He said there were asymmetries in the ways in which different countries dealt with the crisis, pointing out that most developed countries lowered interest rates and increased stimulus measures. Others, however, due to the conditionality imposed by the International Monetary Fund (IMF), had to do the opposite. In the case of Hungary, for instance, the markets had shown confidence for seven years, resulting in the appreciation of the currency. The moment the crisis had hit, the markets had left Hungary and its currency had declined. The IMF had stepped in, saying Hungary must regain the confidence of the same financial markets that had overvalued its currency, leading to its collapsed economy.
There was now a need for asymmetry between deficit and surplus countries, he said. Currency exchange rates should not be left to markets but to an international agreement or body that would stabilize exchange rates on the basis of competitiveness rather than speculation, and allow countries to emerge from the crisis without conditionality. It would allow for coherent trading and monetary systems, whereas countries were now competing through devaluation and wage dumping. The World Trade Organization did not accept responsibility for such distortions, while the IMF did not address trade issues. Only an institution with a much broader mandate should be responsible for the coherence of the international economy, including the question of climate change.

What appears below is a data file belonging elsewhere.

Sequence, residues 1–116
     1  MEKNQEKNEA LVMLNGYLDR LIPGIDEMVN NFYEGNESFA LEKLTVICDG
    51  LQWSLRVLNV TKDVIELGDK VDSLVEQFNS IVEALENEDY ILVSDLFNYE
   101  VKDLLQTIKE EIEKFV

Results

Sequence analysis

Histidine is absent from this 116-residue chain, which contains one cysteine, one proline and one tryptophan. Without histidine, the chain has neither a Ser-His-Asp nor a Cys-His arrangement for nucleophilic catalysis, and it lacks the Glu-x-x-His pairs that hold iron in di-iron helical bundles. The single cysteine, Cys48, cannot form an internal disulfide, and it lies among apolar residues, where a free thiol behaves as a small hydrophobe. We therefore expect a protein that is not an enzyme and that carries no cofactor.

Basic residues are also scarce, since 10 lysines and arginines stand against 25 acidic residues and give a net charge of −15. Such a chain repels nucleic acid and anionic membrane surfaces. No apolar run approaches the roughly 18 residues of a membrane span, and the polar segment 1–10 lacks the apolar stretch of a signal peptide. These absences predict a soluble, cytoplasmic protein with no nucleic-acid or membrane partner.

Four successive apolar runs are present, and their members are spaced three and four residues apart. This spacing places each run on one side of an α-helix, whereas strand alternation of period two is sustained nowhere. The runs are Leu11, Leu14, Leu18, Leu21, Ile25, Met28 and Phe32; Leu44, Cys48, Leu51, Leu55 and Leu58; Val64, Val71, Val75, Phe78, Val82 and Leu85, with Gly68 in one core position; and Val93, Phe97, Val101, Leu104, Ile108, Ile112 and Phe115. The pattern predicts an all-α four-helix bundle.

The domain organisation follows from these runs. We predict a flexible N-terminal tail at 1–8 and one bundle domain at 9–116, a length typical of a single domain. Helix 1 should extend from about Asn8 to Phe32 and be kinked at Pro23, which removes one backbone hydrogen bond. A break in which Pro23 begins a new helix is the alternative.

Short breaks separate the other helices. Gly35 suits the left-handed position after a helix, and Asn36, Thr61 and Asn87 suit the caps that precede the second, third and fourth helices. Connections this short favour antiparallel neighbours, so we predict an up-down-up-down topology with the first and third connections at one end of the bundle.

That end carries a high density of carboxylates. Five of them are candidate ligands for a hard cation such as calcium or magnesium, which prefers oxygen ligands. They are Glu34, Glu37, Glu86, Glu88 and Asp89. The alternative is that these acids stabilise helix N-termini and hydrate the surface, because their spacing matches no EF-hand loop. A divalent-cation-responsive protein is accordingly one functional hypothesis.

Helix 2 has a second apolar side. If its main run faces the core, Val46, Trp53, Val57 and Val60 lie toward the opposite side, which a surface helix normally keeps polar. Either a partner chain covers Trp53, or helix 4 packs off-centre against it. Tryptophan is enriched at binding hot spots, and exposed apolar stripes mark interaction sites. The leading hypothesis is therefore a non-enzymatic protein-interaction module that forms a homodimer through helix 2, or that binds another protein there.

Asked what kind of institution he envisioned, Mr. Flassbeck said it should be a United Nations-like body with a similar mandate that would take a more coherent view of international economic questions -- something like an “economic Security Council”. It should not only be a global financial institution, but also deal with commodity pricing and trading.
He went on to point out that commodity markets were now driven to a large extent by speculation, and also covered fossil fuels. One could not address climate change, if fossil fuel prices were subject to speculation. Speculation in agricultural commodities caused people to starve, and the United States Congress had been the only body to address the financialization of the commodity markets.
Responding to other questions, he stressed that while the markets would probably not be very receptive, the disastrous nature of current policies should be made clear. Nobody had diagnosed clearly what had gone wrong, and everything was being treated under the broad brush of “financial crisis”.
While the IMF might no longer use the term, it was still engaged in conditionality, he said in reply to a question in that regard. However, the Fund could not be blamed for imposing such policies. The blame lay with an international community unwilling to tackle a new financial system.
The IMF’s Special Drawing Rights (SDRs) were not allocated according to a country’s needs, but in accordance with the number of shares it owned, he stressed. Some countries had the right to “print” an unlimited amount of money while others, because of conditionality, did not. There was a movement towards regional financial institutions, with Asian countries having pooled reserves from which they could draw without conditionality.